Job-Related Injury & Workers' Compensation - Legal Overview

Learn about your rights to workers' compensation benefits following a workplace injury, and how to protect your claim.

If you get hurt on the job, it is important that you understand your state’s workers’ compensation system. Workers’ compensation (sometimes referred to as “workman’s compensation”) may be your only means of receiving compensation for a work-related injury, so read on to learn the details of how workers' comp works.

Understanding Worker's Compensation

If you suffer a work-related injury or illness, you are probably entitled to receive workers’ compensation benefits. The types of injuries covered by workers’ compensation include physical injuries, illnesses, and some psychological or stress-related injuries. These injuries or illnesses can occur at any time, so long as they are work-related.

Workers’ compensation may be the only means of your recovery for work-related injuries or illness. This means that you cannot initiate a civil lawsuit against your employer. Instead, you must file a claim through your state’s administrative workers’ compensation agency. Most employers are required to pay into the workers’ compensation system by purchasing insurance through the state's workers' compensation fund.

What Benefits Are Included?

Most states' systems will cover the following  workers' compensation benefits:

  • Medical bills.  If you have medical bills, they will be paid for to help you recover from your work-related injuries. However, keep in mind that your choices of doctors may be limited.
  • Temporary disability benefits.  If your injury prevents you from performing your job normally and, as a result, you lose wages, you may receive temporary disability benefits. These payments are usually available only after you miss several days of work.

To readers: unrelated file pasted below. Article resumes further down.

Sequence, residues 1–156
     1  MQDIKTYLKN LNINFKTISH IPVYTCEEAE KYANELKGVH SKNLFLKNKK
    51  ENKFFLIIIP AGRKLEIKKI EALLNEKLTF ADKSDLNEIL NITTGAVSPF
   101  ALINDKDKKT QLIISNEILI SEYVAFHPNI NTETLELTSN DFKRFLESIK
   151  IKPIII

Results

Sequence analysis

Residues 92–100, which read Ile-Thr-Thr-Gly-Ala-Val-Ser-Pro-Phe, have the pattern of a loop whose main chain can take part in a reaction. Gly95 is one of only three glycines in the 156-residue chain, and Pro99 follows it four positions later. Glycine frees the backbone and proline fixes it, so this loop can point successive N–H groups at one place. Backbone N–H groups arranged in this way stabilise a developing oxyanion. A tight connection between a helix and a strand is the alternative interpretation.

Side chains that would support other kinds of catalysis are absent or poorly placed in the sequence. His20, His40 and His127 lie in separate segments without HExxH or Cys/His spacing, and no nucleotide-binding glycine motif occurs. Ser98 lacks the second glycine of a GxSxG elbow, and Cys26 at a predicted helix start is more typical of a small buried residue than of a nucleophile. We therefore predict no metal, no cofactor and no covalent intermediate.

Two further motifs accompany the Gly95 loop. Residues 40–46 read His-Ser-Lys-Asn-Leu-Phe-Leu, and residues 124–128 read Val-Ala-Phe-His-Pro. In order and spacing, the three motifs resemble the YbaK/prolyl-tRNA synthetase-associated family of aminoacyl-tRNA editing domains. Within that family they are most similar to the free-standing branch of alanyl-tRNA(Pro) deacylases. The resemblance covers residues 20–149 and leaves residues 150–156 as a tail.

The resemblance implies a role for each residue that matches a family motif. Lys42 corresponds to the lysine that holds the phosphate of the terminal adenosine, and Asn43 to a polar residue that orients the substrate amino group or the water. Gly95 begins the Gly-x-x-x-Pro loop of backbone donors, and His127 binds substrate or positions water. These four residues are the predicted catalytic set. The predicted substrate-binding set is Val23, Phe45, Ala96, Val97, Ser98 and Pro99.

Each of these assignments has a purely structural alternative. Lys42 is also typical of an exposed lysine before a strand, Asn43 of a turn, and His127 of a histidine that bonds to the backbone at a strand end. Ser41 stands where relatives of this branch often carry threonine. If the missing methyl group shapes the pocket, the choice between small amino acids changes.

• Permanent disability benefits.  If you do not completely recover from you injuries, you may receive permanent disability benefits based upon the nature and extent of your impairment or injury.
  • Death benefits.  If you die from a work-related injury or illness, your spouse or children may receive death benefits.

For a more thorough explanation of available benefits and the amounts, see this page.

Limitations On Benefits

The amount of benefits that you are entitled to receive to compensate you for your work-related injury or illness may be limited by the laws of your state. Each state has its own rules for how an injury should be compensated. Some states have a list that affixes a dollar amount for the type of injury. Other states mandate that compensation is based on a scale or rating of injuries or disabilities.

Protecting Your Claim After an Accident

If you receive a work-related injury or illness, immediately report it to your supervisor. If the injury or illness has gradually worsened over time (such as carpal tunnel syndrome), report it as soon as you think it was caused by your job. If you do not report your injury within a certain amount of time -- usually within 30 days -- you may lose your right to collect the workers’ compensation benefits to which you would otherwise have been entitled.

For more on how to make the accident report to protect a potential injury claim, see this article on making the report.

Returning To Work

When you can return to work after your work-related injury or illness is a difficult question to answer and will depend upon the extent of your injury. Furthermore, a number of people will have input in deciding how soon you can return to work. This list includes your treating doctor, employer, claims administrator, and attorney (if you have one).

If you have not completely recovered from your injury, you may nevertheless be able to return to work with restrictions on the tasks you are assigned to prevent you from aggravating your injury. If you are entirely unable to return to work, you may be entitled to permanent disability benefits.

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